Blueprints in Pencil, Not Permanent Ink
England’s Architects are proof that just because you can scream doesn’t mean you can produce great death metal. Their last few albums have had way too much of vocalist Sam Carter’s incomprehensible and uneven top-of-the-lungs shouting—and it distracted from the uniqueness of the band, which lay in its ability to interweave smooth electronic threads with complex hard rock ribbons. In their latest release, Daybreaker, Architects appear on their way to the right formula.
As it turns out, Sam Carter has quite an effective, pure and interesting singing voice, as well as a knack for fitting melodies around the riffs generated by guitarists Tom Searle and Tim Hiller-Brook. Opening track “The Bitter End” starts out with Carter in the forefront, and it takes a full 90 seconds for the band and the “other” voice to kick in, but that sets the table for the rest of Daybreaker. There are still some moments of “classic” Architects, such as “These Colours Don’t Run,” which begins promising but turns out heavy on the heavy and light on the light. However, there are flecks of another impressive dimension of Carter’s voice: an effortless melodic scream. This returns in “Truth Be Told” with great success, and it makes you wonder if he’s teasing us.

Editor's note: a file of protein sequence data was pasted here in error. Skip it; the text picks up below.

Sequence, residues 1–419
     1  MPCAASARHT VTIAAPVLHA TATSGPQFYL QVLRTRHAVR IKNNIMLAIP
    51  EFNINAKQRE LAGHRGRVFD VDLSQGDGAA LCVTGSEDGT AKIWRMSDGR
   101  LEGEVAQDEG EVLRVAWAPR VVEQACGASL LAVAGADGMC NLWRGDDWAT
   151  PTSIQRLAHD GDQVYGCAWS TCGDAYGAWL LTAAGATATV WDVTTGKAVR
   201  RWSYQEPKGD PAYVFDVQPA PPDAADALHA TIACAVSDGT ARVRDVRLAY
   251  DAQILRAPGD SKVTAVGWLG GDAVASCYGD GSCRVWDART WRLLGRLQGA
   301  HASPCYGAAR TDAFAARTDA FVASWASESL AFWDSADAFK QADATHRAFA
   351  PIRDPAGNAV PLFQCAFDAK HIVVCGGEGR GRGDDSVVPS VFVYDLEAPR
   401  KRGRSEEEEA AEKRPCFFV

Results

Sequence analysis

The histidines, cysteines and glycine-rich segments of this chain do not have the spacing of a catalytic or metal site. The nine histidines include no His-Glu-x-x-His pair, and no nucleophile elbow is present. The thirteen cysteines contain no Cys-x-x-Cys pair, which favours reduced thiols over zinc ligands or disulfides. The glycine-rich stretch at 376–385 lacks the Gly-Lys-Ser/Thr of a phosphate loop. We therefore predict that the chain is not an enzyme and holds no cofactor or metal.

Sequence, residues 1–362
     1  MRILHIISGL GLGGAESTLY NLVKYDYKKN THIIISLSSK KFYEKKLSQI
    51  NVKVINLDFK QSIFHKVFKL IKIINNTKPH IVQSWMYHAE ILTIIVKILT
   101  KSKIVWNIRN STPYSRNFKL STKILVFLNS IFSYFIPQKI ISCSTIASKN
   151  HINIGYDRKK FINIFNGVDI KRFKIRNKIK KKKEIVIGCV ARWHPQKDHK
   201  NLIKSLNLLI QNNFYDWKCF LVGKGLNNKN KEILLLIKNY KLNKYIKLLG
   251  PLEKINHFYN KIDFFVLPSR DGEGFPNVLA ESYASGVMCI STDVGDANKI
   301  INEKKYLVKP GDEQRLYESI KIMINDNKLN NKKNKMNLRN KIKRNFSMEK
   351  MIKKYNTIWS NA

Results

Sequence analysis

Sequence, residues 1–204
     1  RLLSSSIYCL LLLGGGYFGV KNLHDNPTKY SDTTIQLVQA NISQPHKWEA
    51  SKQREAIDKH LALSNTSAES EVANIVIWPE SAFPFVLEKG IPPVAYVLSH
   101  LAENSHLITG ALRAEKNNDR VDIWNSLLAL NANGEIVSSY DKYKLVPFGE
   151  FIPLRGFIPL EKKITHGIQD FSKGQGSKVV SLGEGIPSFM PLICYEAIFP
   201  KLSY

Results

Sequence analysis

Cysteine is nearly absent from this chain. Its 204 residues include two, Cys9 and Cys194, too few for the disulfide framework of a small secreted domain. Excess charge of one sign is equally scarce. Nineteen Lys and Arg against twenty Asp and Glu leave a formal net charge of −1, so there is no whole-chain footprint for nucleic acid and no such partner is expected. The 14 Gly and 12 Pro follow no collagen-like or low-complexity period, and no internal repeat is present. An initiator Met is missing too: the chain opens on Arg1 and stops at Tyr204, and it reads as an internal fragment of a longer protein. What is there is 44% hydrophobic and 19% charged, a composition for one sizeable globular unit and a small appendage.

But as Daybreaker goes on, it’s more evident the band has no interest in choosing just one sound to identify it, switching back and forth between the very mellow and the exceedingly heavy. And while it’s the less expected of the two extremes, the former quality displays a greater range of talent and originality. These moments make Daybreaker worth checking out—and possibly Architects’ strongest release to date.